Enjoy an Ads-Free Jets Insider - Become a Jets Insider VIP!
Page 2 of 5 FirstFirst 1234 ... LastLast
Results 21 to 40 of 84

Thread: Does the US Health System need to be changed?

  1. #21
    Jets Insider VIP
    Join Date
    Mar 2007
    Posts
    4,020
    Post Thanks / Like
    [QUOTE=kennyo7;4248444]We are finishing 28th and 4th from the bottom in infant mortality. Infant mortality is directly affected by perinatal care which we appear to be lackig in.

    Stop making excuses. Our system needs to be fixed.[/QUOTE]

    But wait -- I thought we could care less about a "fetus" until it's born? Why should more $$ be put into a lifeless piece of flesh?:huh:

    Interesting how they only seem to matter when it fits the argument . . .

  2. #22
    Hall Of Fame
    Join Date
    Apr 2003
    Location
    Philly
    Posts
    38,782
    Post Thanks / Like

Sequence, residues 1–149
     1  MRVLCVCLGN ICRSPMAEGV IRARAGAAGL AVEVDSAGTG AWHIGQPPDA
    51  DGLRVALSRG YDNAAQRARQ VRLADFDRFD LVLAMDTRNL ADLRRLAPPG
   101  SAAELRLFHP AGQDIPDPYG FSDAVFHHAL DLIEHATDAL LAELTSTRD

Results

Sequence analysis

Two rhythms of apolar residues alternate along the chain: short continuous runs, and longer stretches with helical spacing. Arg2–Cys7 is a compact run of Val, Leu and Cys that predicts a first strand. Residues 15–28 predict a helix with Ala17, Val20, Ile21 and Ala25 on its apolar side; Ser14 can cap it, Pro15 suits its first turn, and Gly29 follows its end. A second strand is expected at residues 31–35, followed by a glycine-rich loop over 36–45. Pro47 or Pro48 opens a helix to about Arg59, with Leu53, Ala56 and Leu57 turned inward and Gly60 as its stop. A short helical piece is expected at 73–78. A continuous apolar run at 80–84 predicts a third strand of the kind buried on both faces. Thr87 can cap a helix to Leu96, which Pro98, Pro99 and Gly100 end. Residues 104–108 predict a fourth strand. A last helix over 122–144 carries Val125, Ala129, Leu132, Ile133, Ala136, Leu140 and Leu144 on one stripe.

[QUOTE=JetPotato;4248574]bit can not be held responsible for the accuracy of his posts. maybe you missed that.[/QUOTE]

    my greater point is there exists tort reform in many states and overall costs are still going up. malpractice premiums go down that's great for certain doctors but it doesn't lower the cost of an MRI.

    and also let me add that the Affordable Care Act aka Obamacare (which hasn't really kicked in yet) makes it possible for millions of people with pre-existing conditions to get healthcare. That's a positive change and the repeal folks could never get it removed. People actually like not being screwed by insurance companies.

  3. #23
    Jets Insider VIP
    Join Date
    Mar 2007
    Posts
    4,020
    Post Thanks / Like
    [QUOTE=bitonti;4248614]